Identifying meta-clusters of students' interest in science and their change with age

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Abstract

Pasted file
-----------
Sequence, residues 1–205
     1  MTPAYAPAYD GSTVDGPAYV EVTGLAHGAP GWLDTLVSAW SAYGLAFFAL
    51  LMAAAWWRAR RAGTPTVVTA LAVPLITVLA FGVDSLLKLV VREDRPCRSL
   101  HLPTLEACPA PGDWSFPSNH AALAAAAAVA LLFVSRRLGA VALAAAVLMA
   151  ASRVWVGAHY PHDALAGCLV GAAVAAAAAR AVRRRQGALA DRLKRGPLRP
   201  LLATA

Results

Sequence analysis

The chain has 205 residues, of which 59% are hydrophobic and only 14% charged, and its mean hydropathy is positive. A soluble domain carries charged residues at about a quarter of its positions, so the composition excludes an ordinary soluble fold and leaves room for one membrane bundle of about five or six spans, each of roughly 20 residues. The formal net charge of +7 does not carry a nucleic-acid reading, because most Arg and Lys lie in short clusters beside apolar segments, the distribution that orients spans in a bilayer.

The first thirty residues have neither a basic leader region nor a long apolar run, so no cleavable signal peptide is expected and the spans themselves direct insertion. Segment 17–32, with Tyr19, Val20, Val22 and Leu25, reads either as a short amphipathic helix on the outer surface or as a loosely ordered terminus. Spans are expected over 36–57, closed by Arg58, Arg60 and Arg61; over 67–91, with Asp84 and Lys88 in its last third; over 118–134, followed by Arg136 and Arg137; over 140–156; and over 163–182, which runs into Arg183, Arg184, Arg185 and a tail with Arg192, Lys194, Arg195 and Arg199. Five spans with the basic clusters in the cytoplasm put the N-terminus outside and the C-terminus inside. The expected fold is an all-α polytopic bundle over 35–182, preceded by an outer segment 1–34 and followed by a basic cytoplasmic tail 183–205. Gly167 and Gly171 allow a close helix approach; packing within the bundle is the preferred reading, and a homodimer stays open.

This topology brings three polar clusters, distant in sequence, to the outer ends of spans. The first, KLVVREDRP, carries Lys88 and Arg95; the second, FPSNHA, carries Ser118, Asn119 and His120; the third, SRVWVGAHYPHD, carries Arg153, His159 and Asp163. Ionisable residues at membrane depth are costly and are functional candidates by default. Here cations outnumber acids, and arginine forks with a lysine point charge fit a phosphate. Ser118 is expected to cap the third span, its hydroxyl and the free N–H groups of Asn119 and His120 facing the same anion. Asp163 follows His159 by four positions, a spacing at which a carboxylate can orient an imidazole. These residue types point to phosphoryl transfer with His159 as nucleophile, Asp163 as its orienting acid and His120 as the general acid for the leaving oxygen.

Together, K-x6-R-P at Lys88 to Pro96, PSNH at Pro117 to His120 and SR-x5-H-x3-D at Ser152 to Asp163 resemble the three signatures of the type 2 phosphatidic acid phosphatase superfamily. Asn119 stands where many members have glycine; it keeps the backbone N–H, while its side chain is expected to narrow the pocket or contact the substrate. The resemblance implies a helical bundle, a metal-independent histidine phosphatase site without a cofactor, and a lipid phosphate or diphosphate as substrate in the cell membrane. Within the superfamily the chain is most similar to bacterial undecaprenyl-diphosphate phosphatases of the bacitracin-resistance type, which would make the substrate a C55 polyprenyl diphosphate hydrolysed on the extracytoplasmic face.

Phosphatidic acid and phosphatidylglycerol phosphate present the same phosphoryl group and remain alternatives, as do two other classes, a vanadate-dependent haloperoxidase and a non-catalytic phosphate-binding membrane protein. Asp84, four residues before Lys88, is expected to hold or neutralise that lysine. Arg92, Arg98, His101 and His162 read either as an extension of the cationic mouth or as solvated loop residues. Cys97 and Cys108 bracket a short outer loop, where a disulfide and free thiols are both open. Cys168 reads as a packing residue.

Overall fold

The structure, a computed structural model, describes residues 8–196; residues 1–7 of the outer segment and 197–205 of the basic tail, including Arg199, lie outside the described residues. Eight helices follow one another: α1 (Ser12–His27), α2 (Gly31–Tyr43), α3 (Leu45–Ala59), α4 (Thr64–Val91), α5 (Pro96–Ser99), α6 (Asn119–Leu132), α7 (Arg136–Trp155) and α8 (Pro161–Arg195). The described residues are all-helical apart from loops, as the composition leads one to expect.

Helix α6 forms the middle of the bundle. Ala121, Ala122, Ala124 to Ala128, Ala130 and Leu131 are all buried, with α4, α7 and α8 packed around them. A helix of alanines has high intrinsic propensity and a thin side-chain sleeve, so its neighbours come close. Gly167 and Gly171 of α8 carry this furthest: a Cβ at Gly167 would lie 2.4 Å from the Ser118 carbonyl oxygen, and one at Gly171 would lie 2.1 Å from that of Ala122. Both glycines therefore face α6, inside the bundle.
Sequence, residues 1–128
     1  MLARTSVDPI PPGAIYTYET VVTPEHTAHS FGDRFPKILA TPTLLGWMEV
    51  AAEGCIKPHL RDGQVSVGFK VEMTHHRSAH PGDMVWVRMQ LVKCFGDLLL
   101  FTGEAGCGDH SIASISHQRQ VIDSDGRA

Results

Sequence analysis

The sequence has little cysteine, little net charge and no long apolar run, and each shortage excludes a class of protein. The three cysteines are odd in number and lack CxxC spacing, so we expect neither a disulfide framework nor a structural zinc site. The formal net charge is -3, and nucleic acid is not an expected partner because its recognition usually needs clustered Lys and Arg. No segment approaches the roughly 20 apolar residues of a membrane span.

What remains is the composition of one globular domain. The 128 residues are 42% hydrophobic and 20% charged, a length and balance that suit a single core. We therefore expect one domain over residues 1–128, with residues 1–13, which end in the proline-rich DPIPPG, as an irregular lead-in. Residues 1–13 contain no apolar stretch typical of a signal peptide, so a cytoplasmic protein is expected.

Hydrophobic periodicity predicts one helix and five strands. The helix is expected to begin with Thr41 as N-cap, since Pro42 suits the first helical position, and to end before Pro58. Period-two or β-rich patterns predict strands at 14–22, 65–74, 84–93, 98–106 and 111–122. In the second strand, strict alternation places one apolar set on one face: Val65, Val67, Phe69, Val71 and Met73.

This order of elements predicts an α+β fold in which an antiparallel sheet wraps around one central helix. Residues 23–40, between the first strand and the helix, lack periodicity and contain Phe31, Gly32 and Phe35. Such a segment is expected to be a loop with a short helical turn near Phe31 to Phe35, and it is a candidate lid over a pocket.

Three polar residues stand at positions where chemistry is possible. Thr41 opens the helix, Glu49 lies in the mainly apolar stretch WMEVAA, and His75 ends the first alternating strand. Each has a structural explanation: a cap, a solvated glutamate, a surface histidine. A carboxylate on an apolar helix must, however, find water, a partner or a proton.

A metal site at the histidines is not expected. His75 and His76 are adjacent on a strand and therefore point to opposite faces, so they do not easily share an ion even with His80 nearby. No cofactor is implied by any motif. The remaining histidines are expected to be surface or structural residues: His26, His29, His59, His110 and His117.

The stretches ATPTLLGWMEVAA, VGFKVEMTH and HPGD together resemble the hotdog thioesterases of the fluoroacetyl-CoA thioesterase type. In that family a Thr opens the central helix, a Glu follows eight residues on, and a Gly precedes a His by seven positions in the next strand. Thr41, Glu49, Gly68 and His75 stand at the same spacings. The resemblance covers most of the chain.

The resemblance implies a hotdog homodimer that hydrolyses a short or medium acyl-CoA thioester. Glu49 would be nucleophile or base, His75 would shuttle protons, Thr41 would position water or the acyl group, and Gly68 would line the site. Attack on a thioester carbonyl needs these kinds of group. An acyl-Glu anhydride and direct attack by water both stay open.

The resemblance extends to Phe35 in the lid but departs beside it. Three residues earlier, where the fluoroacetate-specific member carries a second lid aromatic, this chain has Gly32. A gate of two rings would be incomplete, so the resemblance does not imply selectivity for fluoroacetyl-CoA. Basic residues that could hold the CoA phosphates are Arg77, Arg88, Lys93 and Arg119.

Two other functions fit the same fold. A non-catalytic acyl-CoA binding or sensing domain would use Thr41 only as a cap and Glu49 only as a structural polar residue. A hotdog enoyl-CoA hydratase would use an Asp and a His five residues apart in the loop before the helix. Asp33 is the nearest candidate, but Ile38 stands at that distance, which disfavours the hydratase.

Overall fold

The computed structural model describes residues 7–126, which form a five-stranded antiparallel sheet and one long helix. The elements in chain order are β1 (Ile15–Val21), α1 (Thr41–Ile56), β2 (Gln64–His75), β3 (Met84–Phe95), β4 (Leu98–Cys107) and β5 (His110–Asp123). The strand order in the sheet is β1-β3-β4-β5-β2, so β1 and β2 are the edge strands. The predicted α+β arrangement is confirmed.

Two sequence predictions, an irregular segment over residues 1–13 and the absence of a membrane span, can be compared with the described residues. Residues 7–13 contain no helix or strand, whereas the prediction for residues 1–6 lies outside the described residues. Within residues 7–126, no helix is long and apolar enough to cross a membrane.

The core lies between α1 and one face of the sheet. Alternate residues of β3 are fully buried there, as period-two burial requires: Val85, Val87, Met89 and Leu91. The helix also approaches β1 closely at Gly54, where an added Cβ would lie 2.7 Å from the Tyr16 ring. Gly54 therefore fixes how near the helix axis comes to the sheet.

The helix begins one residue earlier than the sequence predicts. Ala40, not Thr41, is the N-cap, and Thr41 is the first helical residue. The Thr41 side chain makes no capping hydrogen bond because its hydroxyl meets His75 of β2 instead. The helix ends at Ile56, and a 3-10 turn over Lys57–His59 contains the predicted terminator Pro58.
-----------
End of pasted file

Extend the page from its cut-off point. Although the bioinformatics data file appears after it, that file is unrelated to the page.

Nearly 6,000 science questions collected from five different web-based, TV-based and school-based sources were rigorously analyzed in order to identify profiles of K-12 students' interest in science, and how these profiles change with age. The questions were analyzed according to their topic, thinking level, motivation for and level of autonomy in raising the question, the object of interest and its magnitude, and psychological distance of the object in question from the asker. Characteristics of the asker, such as gender, grade level, and country of origin were also considered, alongside characteristics of the data source, such as language, setting (Internet, school, TV), and the potential science-attentiveness of the users. Six meta-clusters of children's and adolescents' interest in science were identified using cluster analysis of their self-generated science questions. A developmental shift in interest from non-classical to classical school science subjects was noted. Other age-related developments, such as an increase in thinking level as reflected by the questions, a decrease in organization level and the psychological distance of the object in question with age were also explored. Advantages and shortcomings of web-based data collection for educational research are discussed, as are the implications of the results obtained using this methodology for formal science education. © 2009 Wiley Periodicals, Inc. J Res Sci Teach 46: 999–1022, 2009

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